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SORGOdb: Superoxide Reductase Gene Ontology curated DataBase

Céline Lucchetti-Miganeh1*, David Goudenège1, David Thybert12, Gilles Salbert1 and Frédérique Barloy-Hubler1

Author Affiliations

1 CNRS UMR 6026, ICM, Equipe Sp@rte, Université de Rennes 1, Campus de Beaulieu, 35042 Rennes, France

2 EMBL-EBI Wellcome Trust Genome Campus; Hinxton, Cambridgeshire, CB10 1SD, UK

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BMC Microbiology 2011, 11:105  doi:10.1186/1471-2180-11-105

The electronic version of this article is the complete one and can be found online at: http://www.biomedcentral.com/1471-2180/11/105


Received:15 December 2010
Accepted:16 May 2011
Published:16 May 2011

© 2011 Lucchetti-Miganeh et al; licensee BioMed Central Ltd.

This is an Open Access article distributed under the terms of the Creative Commons Attribution License (http://creativecommons.org/licenses/by/2.0), which permits unrestricted use, distribution, and reproduction in any medium, provided the original work is properly cited.

Abstract

Background

Superoxide reductases (SOR) catalyse the reduction of superoxide anions to hydrogen peroxide and are involved in the oxidative stress defences of anaerobic and facultative anaerobic organisms. Genes encoding SOR were discovered recently and suffer from annotation problems. These genes, named sor, are short and the transfer of annotations from previously characterized neelaredoxin, desulfoferrodoxin, superoxide reductase and rubredoxin oxidase has been heterogeneous. Consequently, many sor remain anonymous or mis-annotated.

Description

SORGOdb is an exhaustive database of SOR that proposes a new classification based on domain architecture. SORGOdb supplies a simple user-friendly web-based database for retrieving and exploring relevant information about the proposed SOR families. The database can be queried using an organism name, a locus tag or phylogenetic criteria, and also offers sequence similarity searches using BlastP. Genes encoding SOR have been re-annotated in all available genome sequences (prokaryotic and eukaryotic (complete and in draft) genomes, updated in May 2010).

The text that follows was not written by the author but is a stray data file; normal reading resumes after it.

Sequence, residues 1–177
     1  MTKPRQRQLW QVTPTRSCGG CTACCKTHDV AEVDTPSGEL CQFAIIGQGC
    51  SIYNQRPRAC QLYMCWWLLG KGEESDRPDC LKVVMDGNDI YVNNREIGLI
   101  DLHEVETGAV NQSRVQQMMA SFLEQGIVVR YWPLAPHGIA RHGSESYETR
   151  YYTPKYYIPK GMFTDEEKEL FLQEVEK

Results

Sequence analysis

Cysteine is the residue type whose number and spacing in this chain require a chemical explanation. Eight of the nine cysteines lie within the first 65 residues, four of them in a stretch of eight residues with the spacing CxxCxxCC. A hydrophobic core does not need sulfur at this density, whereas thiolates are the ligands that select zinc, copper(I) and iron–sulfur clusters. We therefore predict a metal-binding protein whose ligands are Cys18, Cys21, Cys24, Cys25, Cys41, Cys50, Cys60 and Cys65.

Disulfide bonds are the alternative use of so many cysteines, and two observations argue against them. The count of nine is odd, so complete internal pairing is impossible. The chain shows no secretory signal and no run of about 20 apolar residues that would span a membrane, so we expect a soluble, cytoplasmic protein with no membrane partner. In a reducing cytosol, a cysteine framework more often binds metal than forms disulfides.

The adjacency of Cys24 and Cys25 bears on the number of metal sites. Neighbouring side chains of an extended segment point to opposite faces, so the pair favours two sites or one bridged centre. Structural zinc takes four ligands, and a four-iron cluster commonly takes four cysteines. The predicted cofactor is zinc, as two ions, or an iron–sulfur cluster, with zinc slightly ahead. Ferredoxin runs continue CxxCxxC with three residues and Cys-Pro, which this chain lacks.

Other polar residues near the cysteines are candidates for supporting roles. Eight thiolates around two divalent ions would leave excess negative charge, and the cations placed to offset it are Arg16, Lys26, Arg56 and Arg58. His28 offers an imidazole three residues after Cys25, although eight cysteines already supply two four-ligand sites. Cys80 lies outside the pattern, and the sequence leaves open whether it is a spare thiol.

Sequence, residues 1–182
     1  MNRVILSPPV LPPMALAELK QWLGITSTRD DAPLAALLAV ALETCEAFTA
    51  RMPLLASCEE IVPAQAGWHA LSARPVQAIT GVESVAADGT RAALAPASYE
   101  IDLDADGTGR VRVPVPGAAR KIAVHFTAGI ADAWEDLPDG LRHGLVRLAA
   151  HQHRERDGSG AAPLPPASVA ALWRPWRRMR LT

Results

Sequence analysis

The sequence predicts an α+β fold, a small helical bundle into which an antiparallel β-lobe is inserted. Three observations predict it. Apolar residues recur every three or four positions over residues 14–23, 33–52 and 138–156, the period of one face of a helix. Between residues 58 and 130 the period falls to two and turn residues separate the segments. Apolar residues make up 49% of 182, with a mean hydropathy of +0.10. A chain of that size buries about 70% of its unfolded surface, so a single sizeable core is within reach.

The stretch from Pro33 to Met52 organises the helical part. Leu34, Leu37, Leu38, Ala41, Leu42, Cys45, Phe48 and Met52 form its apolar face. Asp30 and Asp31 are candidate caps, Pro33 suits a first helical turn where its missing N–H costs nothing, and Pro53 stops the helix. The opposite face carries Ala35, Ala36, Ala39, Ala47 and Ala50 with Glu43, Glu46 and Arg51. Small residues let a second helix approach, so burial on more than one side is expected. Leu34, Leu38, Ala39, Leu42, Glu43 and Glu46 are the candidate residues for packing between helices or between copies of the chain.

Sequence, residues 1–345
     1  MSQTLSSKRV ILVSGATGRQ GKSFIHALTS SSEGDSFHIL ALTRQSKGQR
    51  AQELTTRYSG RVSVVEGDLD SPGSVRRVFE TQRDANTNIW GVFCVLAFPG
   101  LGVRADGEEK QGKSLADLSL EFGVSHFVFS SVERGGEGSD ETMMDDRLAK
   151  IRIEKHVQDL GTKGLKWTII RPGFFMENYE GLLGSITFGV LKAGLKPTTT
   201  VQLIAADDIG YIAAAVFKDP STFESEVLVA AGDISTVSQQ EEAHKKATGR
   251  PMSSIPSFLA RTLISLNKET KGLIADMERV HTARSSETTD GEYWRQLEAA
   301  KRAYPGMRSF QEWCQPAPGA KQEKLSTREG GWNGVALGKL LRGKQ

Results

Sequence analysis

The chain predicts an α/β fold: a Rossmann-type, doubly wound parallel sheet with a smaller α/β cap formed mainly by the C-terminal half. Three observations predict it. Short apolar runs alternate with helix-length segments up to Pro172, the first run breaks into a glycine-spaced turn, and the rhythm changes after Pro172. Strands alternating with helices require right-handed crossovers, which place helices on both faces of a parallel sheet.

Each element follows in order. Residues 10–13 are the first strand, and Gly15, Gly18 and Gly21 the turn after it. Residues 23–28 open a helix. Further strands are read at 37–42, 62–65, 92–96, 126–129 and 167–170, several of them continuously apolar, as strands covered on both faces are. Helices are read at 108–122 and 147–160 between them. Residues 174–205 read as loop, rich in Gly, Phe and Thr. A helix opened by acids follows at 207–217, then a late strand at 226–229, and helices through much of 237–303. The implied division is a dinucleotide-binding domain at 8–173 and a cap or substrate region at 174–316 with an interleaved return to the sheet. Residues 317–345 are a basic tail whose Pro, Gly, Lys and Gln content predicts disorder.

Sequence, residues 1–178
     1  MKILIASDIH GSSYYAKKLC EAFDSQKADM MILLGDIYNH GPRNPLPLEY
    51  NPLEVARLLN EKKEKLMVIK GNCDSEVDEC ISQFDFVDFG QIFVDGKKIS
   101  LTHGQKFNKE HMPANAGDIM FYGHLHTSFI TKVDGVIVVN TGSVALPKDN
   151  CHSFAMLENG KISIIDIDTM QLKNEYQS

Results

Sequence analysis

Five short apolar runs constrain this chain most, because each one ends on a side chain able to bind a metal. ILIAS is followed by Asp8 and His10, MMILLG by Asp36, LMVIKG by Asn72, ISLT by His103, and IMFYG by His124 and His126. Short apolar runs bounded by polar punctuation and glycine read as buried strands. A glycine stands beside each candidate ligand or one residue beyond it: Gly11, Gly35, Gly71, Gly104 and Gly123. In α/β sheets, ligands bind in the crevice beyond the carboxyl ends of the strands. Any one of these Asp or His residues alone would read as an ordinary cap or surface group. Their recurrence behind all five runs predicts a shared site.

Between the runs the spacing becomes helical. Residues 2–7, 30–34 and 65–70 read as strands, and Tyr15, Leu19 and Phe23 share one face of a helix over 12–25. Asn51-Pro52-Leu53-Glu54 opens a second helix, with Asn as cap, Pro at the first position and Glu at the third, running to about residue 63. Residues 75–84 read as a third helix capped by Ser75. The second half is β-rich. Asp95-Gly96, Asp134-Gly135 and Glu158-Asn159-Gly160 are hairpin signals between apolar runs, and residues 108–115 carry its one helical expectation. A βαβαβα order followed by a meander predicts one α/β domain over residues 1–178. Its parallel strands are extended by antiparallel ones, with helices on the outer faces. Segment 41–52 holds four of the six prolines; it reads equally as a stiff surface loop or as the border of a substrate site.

Conclusions

SORGOdb contains 325 non-redundant and curated SOR, from 274 organisms. It proposes a new classification of SOR into seven different classes and allows biologists to explore and analyze sor in order to establish correlations between the class of SOR and organism phenotypes. SORGOdb is freely available at http://sorgo.genouest.org/index.php webcite.

Background

Two and a half billion years ago, the intense photosynthetic activity of cyanobacteria caused the largest environmental change in Earth's history: the oxygenation of the atmosphere and the oceans, which were hitherto largely anoxic [1,2]. This profound transformation of the biosphere exerted an evolutionary selection pressure on organisms and led to the development of new pathways, including the highly exergonic respiratory chain based on O2 as the terminal electron acceptor. Currently, most living organisms, except anaerobic microbes, require oxygen. O2 is used as a substrate by many enzymes involved metabolizing amines, purines and amino acids. Oxygen is a relatively inert molecule due to its spin triplet ground state. However, it can be activated by photons or by one electron oxidation or reduction processes to generate reactive oxygen species (called reactive oxygen species or ROS), particularly hydroxyl radicals (•OH), hydrogen peroxide (H2O2) and superoxide anion radicals (O2-).